Breathing is an automatic process, controlled by the autonomic nervous system (or ANS). The ANS is a division of the nervous system that unconsciously regulates many of the automatic bodily functions that we depend on every second such as our heart rate, digestion or blood circulation to different organs.
In a recent literature review, it was found that there is evidence to suggest that concussion does impact the function of the autonomic nervous system (Pertab et al., 2018). The nature of the symptoms from autonomic dysfunction
confound with those of post-concussion syndrome.
In the study of the relationship between mTBI and the autonomic system, various modalities have been used.
Among the available noninvasive techniques for assessing the autonomic status, measuring heart rate variability (HRV)
has been commonly used (Esterov et al., 2017).
Diaphragmatic breathing is required to effectively train one’s HRV
is frequently impacted in individuals with concussion or mild traumatic brain injury (Thompson et al., 2012).
Moreover, post-concussion syndrome consists of many symptoms (e.g., cognitive dysfunction, emotional regulation, headaches, etc.) for which HRV
has evidence as a useful treatment. An added bonus is that there are relatively no side effects to HRV
training and concussion patients are generally more sensitive to the side effects of medications; and the medications are often less effective than in the non-concussion population (Ashina et al., 2020).
In concussion, some of the adversely affected networks in the brain may participate in the affective network (i.e., anterior cingulate, amygdala, anterior insula, etc.). This is a network of brain structures that are involved in emotional regulation. It is not just involved in the demonstration of emotions, but also memory, pain tolerance and many other functions.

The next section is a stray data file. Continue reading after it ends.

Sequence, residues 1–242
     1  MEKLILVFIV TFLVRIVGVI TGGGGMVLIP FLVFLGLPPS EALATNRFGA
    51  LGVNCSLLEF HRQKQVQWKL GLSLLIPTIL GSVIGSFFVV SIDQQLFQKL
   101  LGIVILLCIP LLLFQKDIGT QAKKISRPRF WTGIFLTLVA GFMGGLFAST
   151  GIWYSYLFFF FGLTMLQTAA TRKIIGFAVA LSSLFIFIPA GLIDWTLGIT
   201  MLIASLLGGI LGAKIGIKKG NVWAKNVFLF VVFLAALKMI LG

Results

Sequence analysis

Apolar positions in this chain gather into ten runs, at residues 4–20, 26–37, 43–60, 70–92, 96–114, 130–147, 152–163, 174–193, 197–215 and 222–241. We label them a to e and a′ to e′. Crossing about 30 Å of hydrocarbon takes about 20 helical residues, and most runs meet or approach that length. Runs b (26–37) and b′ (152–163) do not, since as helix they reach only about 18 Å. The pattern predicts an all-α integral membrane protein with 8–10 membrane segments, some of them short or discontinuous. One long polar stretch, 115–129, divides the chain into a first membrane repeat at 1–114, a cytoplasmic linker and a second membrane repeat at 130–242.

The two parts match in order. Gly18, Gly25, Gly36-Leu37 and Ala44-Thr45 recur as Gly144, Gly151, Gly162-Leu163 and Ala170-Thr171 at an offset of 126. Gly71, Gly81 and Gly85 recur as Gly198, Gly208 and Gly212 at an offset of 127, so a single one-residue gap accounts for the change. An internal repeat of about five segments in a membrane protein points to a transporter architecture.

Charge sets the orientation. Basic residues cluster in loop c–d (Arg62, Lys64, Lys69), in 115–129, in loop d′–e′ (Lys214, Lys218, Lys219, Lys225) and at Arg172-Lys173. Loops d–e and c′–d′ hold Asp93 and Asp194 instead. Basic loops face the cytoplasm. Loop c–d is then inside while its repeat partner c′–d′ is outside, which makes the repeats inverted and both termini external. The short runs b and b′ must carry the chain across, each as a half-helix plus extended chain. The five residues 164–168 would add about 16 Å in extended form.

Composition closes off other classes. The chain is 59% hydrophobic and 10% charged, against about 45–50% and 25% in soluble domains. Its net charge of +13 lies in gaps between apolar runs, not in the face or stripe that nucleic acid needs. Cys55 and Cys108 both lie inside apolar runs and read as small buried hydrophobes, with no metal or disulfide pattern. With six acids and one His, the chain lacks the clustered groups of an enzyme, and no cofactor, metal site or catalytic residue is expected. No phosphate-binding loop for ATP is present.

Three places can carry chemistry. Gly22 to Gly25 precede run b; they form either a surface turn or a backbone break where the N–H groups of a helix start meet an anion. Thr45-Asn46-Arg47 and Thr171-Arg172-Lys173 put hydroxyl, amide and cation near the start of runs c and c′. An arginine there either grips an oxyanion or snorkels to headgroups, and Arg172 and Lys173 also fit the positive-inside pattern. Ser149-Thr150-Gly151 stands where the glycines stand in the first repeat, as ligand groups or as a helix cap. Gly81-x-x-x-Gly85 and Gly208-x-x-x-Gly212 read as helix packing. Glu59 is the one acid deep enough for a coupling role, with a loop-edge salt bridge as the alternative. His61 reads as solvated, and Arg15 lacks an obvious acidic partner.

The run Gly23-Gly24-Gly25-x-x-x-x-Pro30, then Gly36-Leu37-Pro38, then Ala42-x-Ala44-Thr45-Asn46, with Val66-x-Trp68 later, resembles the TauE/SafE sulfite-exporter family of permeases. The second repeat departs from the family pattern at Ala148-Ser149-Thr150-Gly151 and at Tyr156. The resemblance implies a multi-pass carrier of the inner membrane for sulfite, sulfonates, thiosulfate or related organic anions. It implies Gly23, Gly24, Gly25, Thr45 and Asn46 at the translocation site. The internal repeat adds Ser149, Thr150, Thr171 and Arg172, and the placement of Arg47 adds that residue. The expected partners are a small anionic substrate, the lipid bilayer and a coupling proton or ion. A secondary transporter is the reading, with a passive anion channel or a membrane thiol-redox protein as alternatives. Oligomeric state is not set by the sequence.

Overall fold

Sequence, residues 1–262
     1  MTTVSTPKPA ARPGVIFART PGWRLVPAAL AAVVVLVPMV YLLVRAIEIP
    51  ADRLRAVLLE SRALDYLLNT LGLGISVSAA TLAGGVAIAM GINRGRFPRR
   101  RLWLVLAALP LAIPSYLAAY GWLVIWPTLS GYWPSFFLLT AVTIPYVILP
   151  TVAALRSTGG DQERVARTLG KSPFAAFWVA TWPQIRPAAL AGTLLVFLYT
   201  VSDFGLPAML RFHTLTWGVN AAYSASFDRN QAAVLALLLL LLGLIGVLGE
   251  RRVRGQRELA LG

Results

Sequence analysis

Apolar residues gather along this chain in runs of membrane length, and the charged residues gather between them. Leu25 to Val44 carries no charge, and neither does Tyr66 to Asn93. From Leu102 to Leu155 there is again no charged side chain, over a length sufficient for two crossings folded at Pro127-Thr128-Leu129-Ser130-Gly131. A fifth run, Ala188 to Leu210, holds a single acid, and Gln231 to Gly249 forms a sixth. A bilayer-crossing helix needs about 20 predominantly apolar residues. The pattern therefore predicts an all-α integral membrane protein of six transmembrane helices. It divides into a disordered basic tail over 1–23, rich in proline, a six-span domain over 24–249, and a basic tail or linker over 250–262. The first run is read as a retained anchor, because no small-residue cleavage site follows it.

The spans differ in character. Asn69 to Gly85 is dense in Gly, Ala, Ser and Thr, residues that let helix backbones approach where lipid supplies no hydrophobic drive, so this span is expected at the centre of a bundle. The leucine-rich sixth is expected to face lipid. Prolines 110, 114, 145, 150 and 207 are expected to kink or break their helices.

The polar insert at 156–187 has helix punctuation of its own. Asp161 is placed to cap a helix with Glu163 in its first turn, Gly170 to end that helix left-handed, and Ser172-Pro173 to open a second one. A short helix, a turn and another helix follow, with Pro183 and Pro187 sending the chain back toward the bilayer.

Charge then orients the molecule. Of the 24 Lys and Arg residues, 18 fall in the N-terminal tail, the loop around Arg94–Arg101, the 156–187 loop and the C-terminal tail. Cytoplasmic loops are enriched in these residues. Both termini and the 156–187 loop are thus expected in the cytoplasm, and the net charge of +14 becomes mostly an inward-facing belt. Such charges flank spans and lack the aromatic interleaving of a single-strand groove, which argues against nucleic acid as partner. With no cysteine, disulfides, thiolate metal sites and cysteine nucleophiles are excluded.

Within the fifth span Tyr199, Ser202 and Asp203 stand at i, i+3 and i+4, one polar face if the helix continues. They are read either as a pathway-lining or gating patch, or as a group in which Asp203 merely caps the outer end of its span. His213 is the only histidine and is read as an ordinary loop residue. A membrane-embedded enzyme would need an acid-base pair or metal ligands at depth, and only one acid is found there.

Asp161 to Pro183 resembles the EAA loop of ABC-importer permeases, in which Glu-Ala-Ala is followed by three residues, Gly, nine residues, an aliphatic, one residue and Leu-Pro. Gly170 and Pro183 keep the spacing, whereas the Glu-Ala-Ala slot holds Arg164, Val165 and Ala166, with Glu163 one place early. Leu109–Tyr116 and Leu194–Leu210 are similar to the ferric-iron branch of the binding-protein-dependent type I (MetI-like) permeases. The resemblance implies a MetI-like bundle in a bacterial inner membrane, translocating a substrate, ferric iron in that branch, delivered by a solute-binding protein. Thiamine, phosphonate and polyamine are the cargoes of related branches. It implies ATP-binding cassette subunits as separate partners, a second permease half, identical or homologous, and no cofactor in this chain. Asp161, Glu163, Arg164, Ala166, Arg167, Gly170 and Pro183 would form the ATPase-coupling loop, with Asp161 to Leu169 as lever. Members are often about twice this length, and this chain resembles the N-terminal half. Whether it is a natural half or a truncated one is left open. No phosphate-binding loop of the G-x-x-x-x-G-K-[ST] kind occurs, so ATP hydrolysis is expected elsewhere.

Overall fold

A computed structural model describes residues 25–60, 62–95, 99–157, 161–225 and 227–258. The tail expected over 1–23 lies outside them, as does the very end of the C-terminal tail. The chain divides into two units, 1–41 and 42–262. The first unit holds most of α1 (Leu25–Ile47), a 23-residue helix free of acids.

This is intuitive, consider the following examples:
1. A young child really wants earrings and is willing to endure the pain for the same, but when her little sister lightly hits her, she cries.
2. When you are really interested in something, you tend to absorb more of the material.
This affect network is connected to important structures in the brainstem like the locus coeruleus in the pons and the nucleus of the solitary tract (NST) in the medulla. The NST, for example, influences activity in many brain regions like the locus coeruleus, cingulate, amygdala and the hypothalamus that, in turn, influence our sympathetic nervous system’s activity
, our blood pressure and heart rate
, fear behaviours, and the hormone-pituitary-adrenal (HPA) axis (Thompson et al., 2015).
HRV breathing stimulates vagus afferent feedback to the brain stem.
This may theoretically explain why HRV has grade A evidence for the treatment of migraine
. As migraine is a condition of cortical hyperexcitability that involves the brainstem. Inhibiting this excited signal in the brainstem before it goes up to the trigeminal nerve and the cortex with this vagus afferent feedback (from HRV training) may be how HRV works. When one considers that many conditions of cortical hyperexcitability (e.g., tension-type headache [TTH], migraine-like headache, dizziness, anxiety/depression, PTSD
, chronic fatigue syndrome, temporomandibular disorder [TMD], myofascial pain syndrome [e.g., chronic neck pain], chronic pain syndromes) exist in the context of post-concussion syndrome, it is understandable why so many have started studying HRV training and its effects in post-concussion syndrome patients.